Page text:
Tejvan Pettinger

What does it mean to talk of labour market slack? And how is it measured?

Essentially labour market slack is the shortfall between the volume of work desired by workers and the actual volume of work available.

Labour market slack also determines the difficulty or ease of employing more workers. When there is labour market slackness, there will be many applications for available jobs and firms will have no difficulty filling labour market vacancies.

When labour market slack is reduced and the labour market ‘tightens’ – firms can face difficulties filling vacancies and the economy will be close to ‘full employment.’

A tight labour market

During a period of full employment, low unemployment and difficulty filling labour vacancies, there will be very little labour market ‘slack’. We can state that the labour market is ‘tight’. Firms have to compete for the limited number of available workers. When the labour market is tight (little slack) then it tends to cause:

A slack labour market

If a labour market has a considerable degree of slackness, then employers find it very easy to employ extra workers.  A slack labour market will occur during a period of high unemployment. It will tend to cause

Measuring slackness in the labour market

There are different ways that the degree of slackness in the labour market can be measured.



Periods of rising unemployment show rise in labour market slack. Falling unemployment indicates a ‘tightening of the labour market’

The unemployment rate is an easily available statistic. Falling unemployment indicates a decline in labour market slack. However, it can be a mistake to only focus on unemployment rates. Unemployment statistics ignore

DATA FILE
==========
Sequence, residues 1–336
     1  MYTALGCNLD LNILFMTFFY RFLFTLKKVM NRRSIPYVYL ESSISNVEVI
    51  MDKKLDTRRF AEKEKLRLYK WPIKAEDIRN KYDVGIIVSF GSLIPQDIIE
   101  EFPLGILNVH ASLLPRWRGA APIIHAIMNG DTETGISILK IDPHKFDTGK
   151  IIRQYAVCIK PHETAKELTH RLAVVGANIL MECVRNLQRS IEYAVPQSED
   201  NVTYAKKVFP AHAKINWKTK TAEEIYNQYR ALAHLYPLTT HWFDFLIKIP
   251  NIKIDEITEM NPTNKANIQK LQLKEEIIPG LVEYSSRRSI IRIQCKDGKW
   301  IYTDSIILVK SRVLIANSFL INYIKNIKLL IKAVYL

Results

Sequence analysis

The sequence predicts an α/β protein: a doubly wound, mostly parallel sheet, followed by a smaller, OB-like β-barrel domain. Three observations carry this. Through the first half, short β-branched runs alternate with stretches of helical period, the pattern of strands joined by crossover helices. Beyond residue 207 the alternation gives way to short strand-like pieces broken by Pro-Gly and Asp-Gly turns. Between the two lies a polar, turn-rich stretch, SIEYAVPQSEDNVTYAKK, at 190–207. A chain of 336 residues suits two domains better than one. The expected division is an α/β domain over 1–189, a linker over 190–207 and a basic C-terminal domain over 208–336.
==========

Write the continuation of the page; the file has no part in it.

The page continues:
The EU estimated labour slack rate in the EU rose between 2008 and 2015 (from 11.8% to 14.9%) This was a bigger rise than the increase in the unemployment rate (from 7.1% to 9.5%). (EU)

One of the biggest reasons for the rise in labour market slack was a fall in participation rates -, especially amongst older men. The biggest reason given for leaving the labour market was ‘discouragement’ – the feeling good quality jobs were not available any more.

Factors behind the labour market slack in the EU

Source: EU-LFS Indicators of labour market slack – unemployed, underemployed, involuntary part-time and inactive

Another significant factor of labour market slack was ‘involuntary part-timers’ people who would like to work full-time, but only have part-time hours. There were 10 million involuntary part-timers in the EU survey.


Source: EU-LFS

The ratio of EU labour force.

Importance of labour market slack

The degree of labour market slack is very important for monetary policy.

For example, the fall in unemployment in the UK and US close to 4% – would indicate that the labour market has little slack. Usually, this would be an indicator the economy is reaching full employment, and it would justify an increase in interest rates. However, in 2018/19, this fall in unemployment is an unreliable guide to labour market slack. (It ignores underemployment e.tc.) wages are not rising – indicating there is still slack – despite the fall in employment.

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